As we continue to recover from the worst economic downturn since the Great Depression, it is clear that every American family has been touched in some way by the recession -- a recession sparked in many ways by the irresponsibility and recklessness on Wall Street over the last decade.
From Ponzi schemes to health care scams to mortgage fraud, too many Americans have experienced the pain of this crisis in one form or another. African-American and Latino families have been hit especially hard. Between 2005 and 2009, fully two-thirds of median household wealth in Hispanic families was wiped out.
And from Queens, New York, to Oakland, California, strong, middle class African-American and Hispanic neighborhoods saw nearly two decades of gains reversed in a matter of months. Most outrageously, these communities so devastated by the crisis were also targets of many of the practices that helped cause it -- including discrimination, predatory lending and fraud.
One of the federal government's most important tasks is to hold accountable those responsible for such abuses and that is what this administration has done in achieving the largest fair housing discrimination settlement in U.S. history -- a $335 million settlement with Countrywide on behalf of over 200,000 African-American and Latino families across the country.
At the core of this case is a simple story: If you were a qualified African-American or Hispanic borrower who received a mortgage from Countrywide, you likely paid more simply because of the color of your skin.
Moreover, if you were African-American or Hispanic, you were far more likely to be steered into an expensive and risky subprime loan than a white borrower with equal creditworthiness and financial situation.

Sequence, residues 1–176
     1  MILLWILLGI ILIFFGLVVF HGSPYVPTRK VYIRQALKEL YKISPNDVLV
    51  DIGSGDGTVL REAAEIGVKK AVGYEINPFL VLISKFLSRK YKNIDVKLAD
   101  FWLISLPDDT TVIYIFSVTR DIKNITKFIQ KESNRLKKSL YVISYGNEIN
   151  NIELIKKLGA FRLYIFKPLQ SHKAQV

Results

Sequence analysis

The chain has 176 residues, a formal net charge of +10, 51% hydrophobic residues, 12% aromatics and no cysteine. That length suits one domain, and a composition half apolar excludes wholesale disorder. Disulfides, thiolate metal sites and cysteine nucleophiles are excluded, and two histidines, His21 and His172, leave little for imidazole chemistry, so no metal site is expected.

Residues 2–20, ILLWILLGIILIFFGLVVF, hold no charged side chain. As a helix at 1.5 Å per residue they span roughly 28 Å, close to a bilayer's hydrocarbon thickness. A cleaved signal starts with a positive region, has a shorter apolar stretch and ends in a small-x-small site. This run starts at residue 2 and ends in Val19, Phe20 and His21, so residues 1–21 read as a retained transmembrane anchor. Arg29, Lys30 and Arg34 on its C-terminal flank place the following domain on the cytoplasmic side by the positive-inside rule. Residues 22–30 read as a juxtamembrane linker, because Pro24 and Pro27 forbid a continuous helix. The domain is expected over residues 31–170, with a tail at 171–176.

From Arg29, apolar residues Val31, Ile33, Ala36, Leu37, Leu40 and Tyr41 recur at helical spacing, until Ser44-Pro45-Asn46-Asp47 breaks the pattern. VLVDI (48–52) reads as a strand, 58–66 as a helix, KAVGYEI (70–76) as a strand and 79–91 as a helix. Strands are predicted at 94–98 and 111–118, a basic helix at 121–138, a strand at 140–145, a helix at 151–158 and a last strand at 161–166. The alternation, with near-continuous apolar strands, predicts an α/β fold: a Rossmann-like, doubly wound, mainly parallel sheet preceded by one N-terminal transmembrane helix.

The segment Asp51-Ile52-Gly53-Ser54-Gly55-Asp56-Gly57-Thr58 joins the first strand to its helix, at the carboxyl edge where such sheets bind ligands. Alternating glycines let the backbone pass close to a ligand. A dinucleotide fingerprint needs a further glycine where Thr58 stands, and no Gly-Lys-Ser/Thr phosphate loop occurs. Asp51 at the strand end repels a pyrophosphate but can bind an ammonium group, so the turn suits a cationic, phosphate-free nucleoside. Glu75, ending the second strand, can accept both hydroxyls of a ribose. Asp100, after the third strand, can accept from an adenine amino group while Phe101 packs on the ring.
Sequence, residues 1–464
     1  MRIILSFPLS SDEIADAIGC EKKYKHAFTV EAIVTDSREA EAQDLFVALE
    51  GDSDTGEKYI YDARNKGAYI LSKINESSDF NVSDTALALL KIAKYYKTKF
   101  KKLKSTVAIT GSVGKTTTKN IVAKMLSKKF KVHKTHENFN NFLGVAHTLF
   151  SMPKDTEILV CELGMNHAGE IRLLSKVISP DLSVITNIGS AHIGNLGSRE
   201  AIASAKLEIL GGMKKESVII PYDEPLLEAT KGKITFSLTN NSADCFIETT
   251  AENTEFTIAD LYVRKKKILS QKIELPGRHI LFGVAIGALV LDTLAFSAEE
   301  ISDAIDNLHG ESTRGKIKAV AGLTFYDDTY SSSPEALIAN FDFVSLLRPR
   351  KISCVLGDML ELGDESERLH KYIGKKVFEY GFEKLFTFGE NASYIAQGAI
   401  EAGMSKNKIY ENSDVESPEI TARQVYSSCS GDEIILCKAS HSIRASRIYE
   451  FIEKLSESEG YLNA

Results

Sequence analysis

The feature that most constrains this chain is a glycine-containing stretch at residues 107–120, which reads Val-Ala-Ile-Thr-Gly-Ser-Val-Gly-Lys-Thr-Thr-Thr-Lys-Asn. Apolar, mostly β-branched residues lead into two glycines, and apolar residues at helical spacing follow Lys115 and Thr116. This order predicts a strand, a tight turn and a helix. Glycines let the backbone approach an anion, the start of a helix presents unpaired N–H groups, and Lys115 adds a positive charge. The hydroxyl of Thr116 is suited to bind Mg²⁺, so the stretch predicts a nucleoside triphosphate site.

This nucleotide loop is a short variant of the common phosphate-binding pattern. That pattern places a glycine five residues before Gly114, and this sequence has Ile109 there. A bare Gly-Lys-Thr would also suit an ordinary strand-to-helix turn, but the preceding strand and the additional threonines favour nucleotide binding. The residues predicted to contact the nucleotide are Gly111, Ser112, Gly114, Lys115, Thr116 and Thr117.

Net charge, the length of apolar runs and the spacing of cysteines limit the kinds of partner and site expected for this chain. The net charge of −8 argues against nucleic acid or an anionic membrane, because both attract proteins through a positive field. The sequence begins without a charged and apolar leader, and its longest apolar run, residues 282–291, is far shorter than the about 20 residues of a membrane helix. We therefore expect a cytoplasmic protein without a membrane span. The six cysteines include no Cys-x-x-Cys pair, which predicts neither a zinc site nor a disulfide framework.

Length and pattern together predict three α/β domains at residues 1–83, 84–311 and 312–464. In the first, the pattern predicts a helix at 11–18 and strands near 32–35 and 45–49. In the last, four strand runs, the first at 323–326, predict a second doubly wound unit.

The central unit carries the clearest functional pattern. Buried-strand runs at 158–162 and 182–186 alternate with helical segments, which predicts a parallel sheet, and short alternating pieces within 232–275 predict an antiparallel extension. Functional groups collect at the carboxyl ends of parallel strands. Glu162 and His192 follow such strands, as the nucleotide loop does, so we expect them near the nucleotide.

As a result of these predatory practices, the odds of an African-American or Hispanic borrower receiving a subprime loan instead of a prime loan were more than twice as high as those for non-Hispanic white borrowers with similar profiles. Indeed, Countrywide forced over 10,000 Hispanic and African-American borrowers into subprime loans -- even though non-Hispanic white borrowers with similar credit qualifications were able to obtain prime loans.
As a result, minority borrowers who were steered into subprime loans paid, on average, thousands of dollars more for their loans and experienced additional harm as a result of increased risk of prepayment penalties, credit problems, default and ultimately foreclosure. Nothing can undo the damage that hard-working, responsible families suffered as a result of these outrageous practices.
However, the $335 million in relief for victims of discrimination will not only address their financial loss, it will make it abundantly clear that this kind of behavior will not be tolerated.
Since President Obama took office, this administration has worked to tackle the foreclosures that are harming families and devastating our communities.
We've pushed the banks hard to keep responsible families in their homes -- and because we have, foreclosure notices are down 45 percent since early 2009. The Federal Housing Administration (FHA) has withdrawn the approval of over 1,600 lenders to participate in FHA programs -- more than four times the number during the entire tenure of the previous administration.
In 2009, President Obama formed the Financial Fraud Enforcement Task Force, chaired by the Justice Department, to wage an aggressive and coordinated effort to investigate and prosecute devastating financial crimes, like this one.
And, through the Wall Street reform law President Obama signed into law last year, we created a Consumer Financial Protection Bureau -- the sole mission of which is to protect ordinary Americans from abuses like these.
With this fair housing discrimination settlement, we are ensuring that help will go to some of the families who need it most. We are telling irresponsible banks and mortgage servicers that the unfair practices of the past will no longer stand.
And most of all, we are reaffirming the basic tenets of who we are as Americans and what we believe. That this country succeeds when everyone gets a fair shot, when everyone does their fair share, and when everyone plays by the same rules.
Eric Holder is the attorney general of the United States and Shaun Donovan is the secretary of Housing and Urban Development.
Originally published at TheGrio.com
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